Wednesday, March 14, 2018

Eighteenth century show tunes ....

Any collection of vocal music from the turn of the 18th century is going to include numbers from the most popular musical plays of the time, and my big volume is no exception. Storace, Shield, Linley are names that appear over and over again, and of their most durable works there is very little new to say. I don’t think I could rate the biggest favourites amongst the operas of the time from one to ten, but I think I would be safe in saying that the granddaddy of them all must be R B Sheridan’s The Duenna, or the Double Elopement, with songs by Thomas Linley, produced at the Theatre Royal, Covent Garden, 21 November 1775. The press reported that the piece pulled 6,000 guineas in its first season, giving the theatre its most successful term in history. And it went on from there. I have actually seen a version of this delightful piece on the London stage (unfortunately, fiddled with and remusicked) during my lifetime, so it has indeed proven durable.

 I am not going to attempt to summarise Sheridan’s plot. It is dizzying farrago of mistaken identity, strayed letters, plots, disguises and all the other devices that can keep young lovers apart for two hours. We have two pairs of juveniles (Clara and Ferdinand, Louisa and Antonio), a not really stern father (Jerome), an ugly but warm-hearted and marriageable Portuguese Jew (Isaac), an enabler (Carlos) and the unstarchy duenna of the title, all of whom are intricately involved in the plot, and all of whom get more or less music to sing.

 Personally, I have a preference for the character songs allotted to the elder characters, but it was the ballads and bravuras of the young folk which found their way on to a million British and colonial pianos and into a grand popularity – up to the top of the hit parades of the era.

My book includes no less than four numbers from the sizeable score of The Duenna. The showy ‘Adieu, thou dreary pile’ a favourite song sung by Miss Stephens’, in the role of Clara, created by Mrs Cargill; ‘Ah! Sure a Pair’ ‘a favourite song sung by Mr Incledon’ as Carlos and his other main song ‘Had I a Heart for Falsehood Fram’d’ (the original Carlos was, curiously, the overtly Jewish ‘Michael Leoni’), plus ‘How oft Louisa hast thou said’, ‘a favourite song sung by Mr Broadhurst at the Theatre Royal, Covent Garden’ in the role of Antonio, originated by Dubellamy.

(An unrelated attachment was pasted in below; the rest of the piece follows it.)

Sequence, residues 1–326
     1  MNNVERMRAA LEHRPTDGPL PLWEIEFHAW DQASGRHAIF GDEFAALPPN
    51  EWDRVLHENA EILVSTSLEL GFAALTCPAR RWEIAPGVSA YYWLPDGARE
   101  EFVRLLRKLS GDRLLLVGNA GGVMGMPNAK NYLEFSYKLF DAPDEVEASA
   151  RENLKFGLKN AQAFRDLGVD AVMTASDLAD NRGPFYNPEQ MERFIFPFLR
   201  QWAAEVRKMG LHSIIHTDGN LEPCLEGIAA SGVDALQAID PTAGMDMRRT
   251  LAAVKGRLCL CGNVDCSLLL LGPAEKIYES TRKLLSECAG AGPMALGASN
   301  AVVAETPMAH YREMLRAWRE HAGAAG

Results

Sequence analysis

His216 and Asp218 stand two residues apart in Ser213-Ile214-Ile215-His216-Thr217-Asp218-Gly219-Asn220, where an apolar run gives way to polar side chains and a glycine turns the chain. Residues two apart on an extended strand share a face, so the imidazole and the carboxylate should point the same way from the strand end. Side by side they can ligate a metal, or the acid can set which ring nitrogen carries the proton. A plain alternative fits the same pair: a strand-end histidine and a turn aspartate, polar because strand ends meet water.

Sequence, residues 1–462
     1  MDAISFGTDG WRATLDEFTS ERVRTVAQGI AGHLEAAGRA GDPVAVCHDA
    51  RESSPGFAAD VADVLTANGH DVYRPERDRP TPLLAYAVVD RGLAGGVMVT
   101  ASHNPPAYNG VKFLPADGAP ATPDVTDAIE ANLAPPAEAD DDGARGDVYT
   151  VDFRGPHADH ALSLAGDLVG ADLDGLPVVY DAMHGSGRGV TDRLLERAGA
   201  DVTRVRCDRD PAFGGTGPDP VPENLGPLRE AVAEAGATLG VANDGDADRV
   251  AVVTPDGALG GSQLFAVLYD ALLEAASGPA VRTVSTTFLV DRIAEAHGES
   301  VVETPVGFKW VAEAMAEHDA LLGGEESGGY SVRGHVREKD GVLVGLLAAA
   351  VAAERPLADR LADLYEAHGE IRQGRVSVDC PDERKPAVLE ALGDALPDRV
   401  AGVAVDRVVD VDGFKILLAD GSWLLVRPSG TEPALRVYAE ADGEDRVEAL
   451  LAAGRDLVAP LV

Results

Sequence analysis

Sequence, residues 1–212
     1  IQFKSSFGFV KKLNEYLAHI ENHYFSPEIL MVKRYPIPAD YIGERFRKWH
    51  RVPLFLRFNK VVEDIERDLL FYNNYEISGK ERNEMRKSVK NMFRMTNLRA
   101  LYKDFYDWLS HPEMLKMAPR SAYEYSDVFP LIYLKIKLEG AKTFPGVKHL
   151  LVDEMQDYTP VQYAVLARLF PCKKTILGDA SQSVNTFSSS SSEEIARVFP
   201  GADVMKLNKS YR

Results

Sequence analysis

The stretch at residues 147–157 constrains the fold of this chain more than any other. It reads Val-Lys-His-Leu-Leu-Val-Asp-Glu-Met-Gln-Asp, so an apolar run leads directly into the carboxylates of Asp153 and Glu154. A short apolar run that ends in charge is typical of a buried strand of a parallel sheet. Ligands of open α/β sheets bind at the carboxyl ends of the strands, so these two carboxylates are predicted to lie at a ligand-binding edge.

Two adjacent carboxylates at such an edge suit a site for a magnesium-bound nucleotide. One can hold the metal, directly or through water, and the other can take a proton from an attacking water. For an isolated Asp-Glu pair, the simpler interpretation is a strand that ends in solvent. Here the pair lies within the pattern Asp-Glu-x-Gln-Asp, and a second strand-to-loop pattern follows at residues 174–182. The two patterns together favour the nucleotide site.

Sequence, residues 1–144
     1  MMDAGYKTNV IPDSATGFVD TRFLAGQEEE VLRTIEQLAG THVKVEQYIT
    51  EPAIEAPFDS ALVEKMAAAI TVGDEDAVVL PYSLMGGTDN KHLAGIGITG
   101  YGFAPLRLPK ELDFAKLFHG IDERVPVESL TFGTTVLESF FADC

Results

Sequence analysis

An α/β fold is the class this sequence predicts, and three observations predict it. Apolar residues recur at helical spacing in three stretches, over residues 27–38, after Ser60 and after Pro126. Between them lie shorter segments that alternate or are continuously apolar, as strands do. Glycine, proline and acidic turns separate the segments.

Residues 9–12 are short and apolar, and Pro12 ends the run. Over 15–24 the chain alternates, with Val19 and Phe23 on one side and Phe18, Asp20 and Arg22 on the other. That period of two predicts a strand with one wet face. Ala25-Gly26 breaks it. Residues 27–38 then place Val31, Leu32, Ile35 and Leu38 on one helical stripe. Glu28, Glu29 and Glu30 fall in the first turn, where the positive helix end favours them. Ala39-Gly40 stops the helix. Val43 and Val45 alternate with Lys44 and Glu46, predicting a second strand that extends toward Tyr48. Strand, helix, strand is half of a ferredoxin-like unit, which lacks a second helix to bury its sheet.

These, we thus see, are much later examples than the original publications, which hit the music shelves within weeks of the show’s production, as rivals hurried to plagiarise, ‘parody’ and imitate the triumphant piece. I see the publisher Wilkie advertising ‘the songs, duets trios in The Duenna’ by new year’s day 1776 and The Convivial Magazine featured the piece in its pictorial pages, alongside ‘a beautiful etching of the Tarring and Feathering of Three American Ladies’.

Salisbury Theatre plagiarises the show months after its premiere

We have a fair idea of the dating of this volume by now, thanks to Princess Charlotte et al, but Incledon and Miss Stephens (in what had become the principal roles, often with added songs) are no help. Incledon was already playing Carlos in the 1790s, Miss Stephens had succeeded Mrs Billington as Clara by the 1810s, and both played those parts long and often. I see them actually featured together in the show in 1813, with special mention for her bravura ‘Adieu thou dreary pile’ and for his ‘Had I a Heart’. Kitty Stephens was still singing Clara – to the Carlos of Eliza Vestris – in 1830. William Broadhurst, however, slims the timespan more than a little. I see him playing Antonio at Covent Garden in 1814, with Miss Stephens and Sinclair, and again in – yes! 1822 – in a curiously cast edition which featured the juvenile Clara Fisher as … Isaac the Jew!

So, it seems, Mr Shade merely attached a famous and/or topical name to his publication of each piece of music, rather than those of a current cast: Incledon was well past his best when Broadhurst appeared on the scene. And Miss Stephens: well, ‘as sung by Miss Stephens’ appears on so many Shade music sheets … why not? I’m sure she sang all of the music credited at some stage, and there was no better reference than her name for a budding boudoir young lady with soprano ambitions and two spare shillings to spend.

And all those amateur almost-tenors who strove to be Incledon …

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